Whenever possible, I try to use ready-made nuts or threaded inserts when using screws and the like. But sometimes there's just no other way and you have to cut a thread into a material yourself 🙂
It sounds a bit complicated at first, but it really isn't difficult. Here is a small series of pictures of how you can proceed when cutting a thread.
In the following list you will find all the tools you need to implement this article.
I know the following notes are always kind of annoying and seem unnecessary. Unfortunately, many people who knew "better" have lost eyes, fingers or other things due to carelessness or injured themselves. Data loss is almost negligible in comparison, but even these can be really annoying. Therefore, please take five minutes to read the safety instructions. Because even the coolest project is not worth injury or other trouble.
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Assembling the tap
There are different types of taps.
However, the "traditional" thread cutting set consists of the four parts shown.
Next to the grab rail on the left-hand side...
...the three taps are the most important parts.
These consist of:
- Pre-cuttermarked with a circumferential ring
- Center cuttermarked with two circumferential rings
- Finish cutter: without ring
The individual taps can be inserted into the holder as shown and clamped firmly.
The inserted tap should be firmly clamped in the holder.
Attaching the tap
You should be particularly careful during the first few turns of the new thread. This is important to ensure that the thread is straight and tidy 🙂
Here you can see the housing used in the article ESPEasy - Level sensor with VL53L0X/VL53L1X is used. A cable clamp must be screwed into this. Of course, there must be a thread in the housing for this. The perfect reason to test our thread cutter 🙂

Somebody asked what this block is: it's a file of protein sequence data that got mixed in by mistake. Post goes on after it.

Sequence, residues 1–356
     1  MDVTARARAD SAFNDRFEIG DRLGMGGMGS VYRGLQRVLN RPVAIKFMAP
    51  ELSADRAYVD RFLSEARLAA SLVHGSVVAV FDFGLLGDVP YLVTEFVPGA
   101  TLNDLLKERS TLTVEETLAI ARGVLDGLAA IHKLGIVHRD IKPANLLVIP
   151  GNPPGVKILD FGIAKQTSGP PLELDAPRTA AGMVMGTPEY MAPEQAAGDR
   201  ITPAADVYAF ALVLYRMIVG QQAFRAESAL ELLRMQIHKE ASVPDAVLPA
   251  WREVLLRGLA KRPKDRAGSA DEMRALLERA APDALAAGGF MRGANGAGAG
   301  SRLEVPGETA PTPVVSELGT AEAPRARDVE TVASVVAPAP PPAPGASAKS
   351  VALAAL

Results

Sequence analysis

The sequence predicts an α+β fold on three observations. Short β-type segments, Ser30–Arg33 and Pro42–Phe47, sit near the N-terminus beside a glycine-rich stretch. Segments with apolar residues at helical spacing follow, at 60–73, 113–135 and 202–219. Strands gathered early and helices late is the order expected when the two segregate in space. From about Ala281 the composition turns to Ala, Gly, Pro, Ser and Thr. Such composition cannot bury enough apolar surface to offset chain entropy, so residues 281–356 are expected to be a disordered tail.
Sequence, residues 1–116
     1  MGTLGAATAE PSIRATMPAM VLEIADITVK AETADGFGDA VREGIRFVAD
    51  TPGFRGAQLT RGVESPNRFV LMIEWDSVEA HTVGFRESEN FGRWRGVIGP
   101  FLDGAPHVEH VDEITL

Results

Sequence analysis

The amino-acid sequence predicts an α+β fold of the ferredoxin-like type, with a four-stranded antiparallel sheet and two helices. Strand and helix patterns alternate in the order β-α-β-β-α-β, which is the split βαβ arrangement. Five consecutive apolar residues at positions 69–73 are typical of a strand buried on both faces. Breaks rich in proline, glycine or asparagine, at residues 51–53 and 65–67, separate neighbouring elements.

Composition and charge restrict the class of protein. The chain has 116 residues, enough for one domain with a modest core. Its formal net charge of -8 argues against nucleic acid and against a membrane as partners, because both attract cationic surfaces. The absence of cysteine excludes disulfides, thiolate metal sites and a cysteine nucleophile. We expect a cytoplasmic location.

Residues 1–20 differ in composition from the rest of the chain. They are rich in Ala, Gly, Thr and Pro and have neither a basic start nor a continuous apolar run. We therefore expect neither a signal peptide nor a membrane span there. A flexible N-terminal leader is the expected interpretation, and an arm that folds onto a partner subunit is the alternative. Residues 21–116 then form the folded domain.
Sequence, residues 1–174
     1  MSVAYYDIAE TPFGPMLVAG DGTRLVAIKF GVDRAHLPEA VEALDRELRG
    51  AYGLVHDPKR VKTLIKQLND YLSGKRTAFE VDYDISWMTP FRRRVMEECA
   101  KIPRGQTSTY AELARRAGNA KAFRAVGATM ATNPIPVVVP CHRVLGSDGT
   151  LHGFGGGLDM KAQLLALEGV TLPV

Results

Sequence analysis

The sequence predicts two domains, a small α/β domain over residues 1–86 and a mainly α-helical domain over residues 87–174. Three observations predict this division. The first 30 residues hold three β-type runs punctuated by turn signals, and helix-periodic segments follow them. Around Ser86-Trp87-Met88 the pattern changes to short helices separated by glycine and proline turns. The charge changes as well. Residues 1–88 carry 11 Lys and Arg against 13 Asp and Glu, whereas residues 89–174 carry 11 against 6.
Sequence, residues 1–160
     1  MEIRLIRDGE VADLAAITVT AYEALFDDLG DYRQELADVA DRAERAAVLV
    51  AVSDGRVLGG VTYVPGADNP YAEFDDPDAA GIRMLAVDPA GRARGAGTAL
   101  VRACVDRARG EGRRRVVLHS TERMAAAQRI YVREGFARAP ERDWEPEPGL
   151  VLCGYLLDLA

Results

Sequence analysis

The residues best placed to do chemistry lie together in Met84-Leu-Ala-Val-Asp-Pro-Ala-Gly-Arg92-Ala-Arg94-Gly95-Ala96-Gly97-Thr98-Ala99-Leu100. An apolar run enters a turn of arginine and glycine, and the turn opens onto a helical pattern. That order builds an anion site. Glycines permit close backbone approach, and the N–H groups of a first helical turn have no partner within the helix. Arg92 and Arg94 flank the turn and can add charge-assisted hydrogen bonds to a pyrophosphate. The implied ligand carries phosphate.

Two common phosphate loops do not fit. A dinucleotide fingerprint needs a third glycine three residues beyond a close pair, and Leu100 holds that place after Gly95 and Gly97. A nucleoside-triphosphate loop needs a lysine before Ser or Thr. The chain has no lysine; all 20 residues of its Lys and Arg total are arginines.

To do this, set the Pre-cutter - i.e. the tap with a ring - as straight as possible. It should be from above and...
...stand as vertically as possible "on the hole" when viewed from the side.
You have to be careful, especially during the first few turns, because you need a little more force until the tap has "gripped" the housing.
As soon as you have the first threads in the material, you can continue turning carefully.
However, the following is important:
A chip is created during the cutting process, as material is being cut out of the housing. To prevent this from becoming too large and possibly blocking your tap, you should break it off.
This is relatively easy to do by using the Turn the tap back half a turn after every full turn.
This is a bit tedious, but you avoid damaging the tap or the thread itself. 🙂
If you have kept this up, after a while you should have cut the entire thread with the pre-cutter.
You have now reached the end of the first tap.
You should now repeat the whole process with the Center cutter and at the end with the Finish cutter repeat.
Each tap cuts the threads slightly deeper and more precisely. You should only be able to screw in a corresponding screw once the finish tap can be turned easily through the finished thread.
Now that you have finished cutting the thread, it is of course time to test the cut thread 🙂
An appropriate screw is best suited for this. In the case of the housing for the level sensor, this is the corresponding cable clamp.
This should be able to be screwed into the thread without much effort. If you need a lot of force, maybe you have forgotten to cut the thread completely with the finish cutter?
If the correctly cut thread still does not fit, you may have used a tap with the wrong pitch.
View of the screwed-in cable clamp from the inside.
Have fun with the project
I hope everything worked as described for you. If not or you have questions or suggestions please let me know in the comments. I will then add this to the article if necessary.
Ideas for new projects are always welcome. 🙂
PS Many of these projects - especially the hardware projects - cost a lot of time and money. Of course I do this because I enjoy it, but if you think it's cool that I share the information with you, I would be happy about a small donation to the coffee fund. 🙂